Some companies go even further and refuse to engage with Facebook altogether. Obviously that’s their decision but I think it’s a bit like not engaging with the telephone network. Whether you like it or not, it’s there and it’s not going anywhere. Those companies need to get with it and join the 21st century.

So don’t name specific individuals, it’s just not fair.

Meanwhile feel free to name people if you’re celebrating them. If you have a good news story to tell then feel free to name the person who delighted you. Even post their picture as well if you like. Celebrations are very different from complaints. They should be public so we can all learn who the service stars are and where they work.

Don’t post advertisements. None. Not even one. I don’t care how good you think the product is, don’t advertise it. Just don’t. There are plenty of very good Facebook groups devoted to advertising, buying and selling things but ours isn’t one of them. All advertisements will be deleted and a polite message sent to the person who posted it asking them not to do it again. If they later post another they’re gone from the group, simple as that.

The same goes for irrelevant material. Silly jokes, pictures and links to news stories that have nothing to do with consumer issues are banned. The same rule applies. Two strikes and you’re out.

Then there are the offensive posts. Of the more than 45,000 people currently in the group, the overwhelming majority are easy-going, tolerant and peaceful. They’re good neighbours. They get excitable sometimes but their hearts are in the right place. However, as hard as we try to prevent it, occasionally someone different slips through the net. Like the one who used “the k word” to describe people of a darker skin tone than hers. Like the one who wanted a particular minority group killed. Like all the people who have made sweeping generalizations about our Indian, Pakistani or Chinese neighbours.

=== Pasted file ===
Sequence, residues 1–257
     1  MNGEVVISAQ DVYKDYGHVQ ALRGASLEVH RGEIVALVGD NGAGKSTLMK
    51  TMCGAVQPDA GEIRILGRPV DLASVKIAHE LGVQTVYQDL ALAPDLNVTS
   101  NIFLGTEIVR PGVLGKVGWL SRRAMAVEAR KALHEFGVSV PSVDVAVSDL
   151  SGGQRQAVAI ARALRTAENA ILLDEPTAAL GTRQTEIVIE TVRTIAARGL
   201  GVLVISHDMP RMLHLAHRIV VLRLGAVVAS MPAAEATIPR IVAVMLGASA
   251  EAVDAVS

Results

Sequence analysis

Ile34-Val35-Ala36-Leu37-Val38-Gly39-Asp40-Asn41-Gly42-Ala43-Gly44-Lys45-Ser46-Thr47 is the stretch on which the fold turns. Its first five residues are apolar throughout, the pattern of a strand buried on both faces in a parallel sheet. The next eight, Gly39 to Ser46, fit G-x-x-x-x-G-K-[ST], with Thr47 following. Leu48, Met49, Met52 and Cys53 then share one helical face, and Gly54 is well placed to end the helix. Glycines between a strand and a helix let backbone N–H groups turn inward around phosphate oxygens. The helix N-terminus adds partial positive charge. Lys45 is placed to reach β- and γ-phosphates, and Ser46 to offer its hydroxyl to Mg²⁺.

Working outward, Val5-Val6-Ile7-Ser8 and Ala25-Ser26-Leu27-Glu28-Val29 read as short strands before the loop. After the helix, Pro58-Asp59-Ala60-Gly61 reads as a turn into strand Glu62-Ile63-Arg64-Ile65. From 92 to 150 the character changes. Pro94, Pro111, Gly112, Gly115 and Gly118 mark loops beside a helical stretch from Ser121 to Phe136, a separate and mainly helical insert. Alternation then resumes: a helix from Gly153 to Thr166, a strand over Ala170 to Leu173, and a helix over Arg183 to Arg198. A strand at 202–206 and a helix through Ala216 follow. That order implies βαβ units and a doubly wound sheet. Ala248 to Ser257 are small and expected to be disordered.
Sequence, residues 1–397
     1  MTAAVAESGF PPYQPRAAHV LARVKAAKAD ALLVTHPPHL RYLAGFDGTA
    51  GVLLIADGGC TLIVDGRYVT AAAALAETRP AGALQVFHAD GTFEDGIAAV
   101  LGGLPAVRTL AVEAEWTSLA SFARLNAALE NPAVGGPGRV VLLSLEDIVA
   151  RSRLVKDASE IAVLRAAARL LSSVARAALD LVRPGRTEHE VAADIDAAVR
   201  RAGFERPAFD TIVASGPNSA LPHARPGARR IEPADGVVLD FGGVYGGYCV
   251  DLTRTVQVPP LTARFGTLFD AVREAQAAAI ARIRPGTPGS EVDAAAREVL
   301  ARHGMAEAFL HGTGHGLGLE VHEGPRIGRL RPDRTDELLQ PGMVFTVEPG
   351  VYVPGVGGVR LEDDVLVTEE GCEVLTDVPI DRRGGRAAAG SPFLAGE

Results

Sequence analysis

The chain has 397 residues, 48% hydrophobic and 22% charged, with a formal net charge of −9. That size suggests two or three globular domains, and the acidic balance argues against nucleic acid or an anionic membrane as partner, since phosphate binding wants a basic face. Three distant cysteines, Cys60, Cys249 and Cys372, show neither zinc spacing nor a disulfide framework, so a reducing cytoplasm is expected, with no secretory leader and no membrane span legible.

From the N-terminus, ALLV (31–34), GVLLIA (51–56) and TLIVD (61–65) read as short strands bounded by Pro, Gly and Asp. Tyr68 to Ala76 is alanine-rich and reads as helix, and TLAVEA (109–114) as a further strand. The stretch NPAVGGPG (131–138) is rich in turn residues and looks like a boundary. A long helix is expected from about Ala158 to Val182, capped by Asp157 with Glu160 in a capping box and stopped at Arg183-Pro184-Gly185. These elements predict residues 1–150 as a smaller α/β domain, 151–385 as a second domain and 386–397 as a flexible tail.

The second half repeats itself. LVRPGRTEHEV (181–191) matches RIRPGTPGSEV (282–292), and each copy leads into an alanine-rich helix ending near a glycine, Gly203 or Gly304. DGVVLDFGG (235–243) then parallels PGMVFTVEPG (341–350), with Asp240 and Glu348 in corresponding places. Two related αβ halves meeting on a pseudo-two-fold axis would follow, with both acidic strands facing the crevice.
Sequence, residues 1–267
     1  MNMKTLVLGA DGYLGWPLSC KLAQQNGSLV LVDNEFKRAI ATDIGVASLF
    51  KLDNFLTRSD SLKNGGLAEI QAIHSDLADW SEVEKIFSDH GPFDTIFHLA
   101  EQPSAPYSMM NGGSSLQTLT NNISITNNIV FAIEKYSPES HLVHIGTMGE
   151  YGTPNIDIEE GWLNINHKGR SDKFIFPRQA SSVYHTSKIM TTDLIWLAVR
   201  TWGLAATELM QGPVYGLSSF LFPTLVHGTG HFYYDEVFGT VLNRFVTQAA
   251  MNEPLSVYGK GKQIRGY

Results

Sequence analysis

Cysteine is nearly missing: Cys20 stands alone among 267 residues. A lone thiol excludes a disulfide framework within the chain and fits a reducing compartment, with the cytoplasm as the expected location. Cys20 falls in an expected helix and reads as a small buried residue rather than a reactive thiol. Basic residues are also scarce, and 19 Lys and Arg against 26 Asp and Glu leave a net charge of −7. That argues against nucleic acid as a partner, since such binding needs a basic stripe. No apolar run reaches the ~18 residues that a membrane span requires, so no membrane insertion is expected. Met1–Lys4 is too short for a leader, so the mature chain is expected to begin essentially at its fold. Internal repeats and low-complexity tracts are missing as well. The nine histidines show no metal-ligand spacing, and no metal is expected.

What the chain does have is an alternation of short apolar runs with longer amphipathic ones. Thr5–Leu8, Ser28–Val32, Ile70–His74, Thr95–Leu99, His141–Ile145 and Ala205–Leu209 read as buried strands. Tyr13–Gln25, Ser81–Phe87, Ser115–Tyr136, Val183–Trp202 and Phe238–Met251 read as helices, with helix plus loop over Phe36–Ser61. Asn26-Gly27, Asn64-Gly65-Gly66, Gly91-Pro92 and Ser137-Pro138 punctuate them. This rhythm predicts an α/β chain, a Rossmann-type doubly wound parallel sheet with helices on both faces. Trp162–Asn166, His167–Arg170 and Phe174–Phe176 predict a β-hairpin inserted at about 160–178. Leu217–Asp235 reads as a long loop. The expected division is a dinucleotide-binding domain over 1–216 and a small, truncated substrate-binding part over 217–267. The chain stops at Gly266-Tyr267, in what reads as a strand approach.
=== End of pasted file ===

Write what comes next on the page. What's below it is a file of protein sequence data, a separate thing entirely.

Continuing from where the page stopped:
I can’t police what’s in your head but I WILL judge you by what you write in our Facebook group. Hate speech will be deleted and you will be expelled and banned from ever returning. So if you have racist, bigoted or otherwise toxic views, keep them inside your head and out of our group.

Finally, there’s no space in the group for people trying to sell scams. Despite the nature of the group and its content we’ve often had people actively trying to recruit people into pyramid schemes like World Ventures (and their descendent, Dream Trips) and Ponzi schemes like Eurextrade. That’s simply unacceptable.

What’s more complicated is when people are more subtle. Recently someone was posting regular comments about Bitcoin, the fascinating new “cryptocurrency”. While I’ve no problem with people discussing Bitcoin, or even promoting it, what I object to is people exploiting the widespread public ignorance about it for their own gain. The person posting comments on Bitcoin, who suggested that people should “invest” in it, actually had another agenda. She was doing her best to promote a pyramid scheme called Bitclub Network which its proponents describe as "The most innovative and lucrative way to earn Bitcoin", suggesting that getting involved in “Bitcoin mining” is a way to make money. They also say that "With BitClub Network you earn daily profits from our shared mining pools. We also have a referral program so you can get paid for anyone you refer."

Bitclub Network is nothing more than a mixture of Ponzi scheme with pyramid elements.

While Bitcoin and the technology it uses are fascinating, it's no more than a new currency. It's not an investment scheme and if anyone tells you otherwise and encourages you to start buying Bitcoins or to join a scheme like Bitclub Network, saying you can make lots of money, ask yourself this simple question. How do they benefit from me joining?

So that sort of thing isn’t permitted in the Facebook group either.

If you haven’t joined our group yet, please do. It’s full of interesting, caring people who do their best to help one another. Just play by the rules, OK?

The Voice - Consumer's Voice

Can the job be real?

I saw an advertisement on Facebook that said I could stand a chance of being selected at random to go for training and work for a website. They said that no experience and qualification was need and that we just must be fluent in Setswana or English. The advertisement said that after training they would pay salaries of P7,000 per month and also bonuses and allowances. They said that only 16 lucky followers will be selected for training.

Can this be true?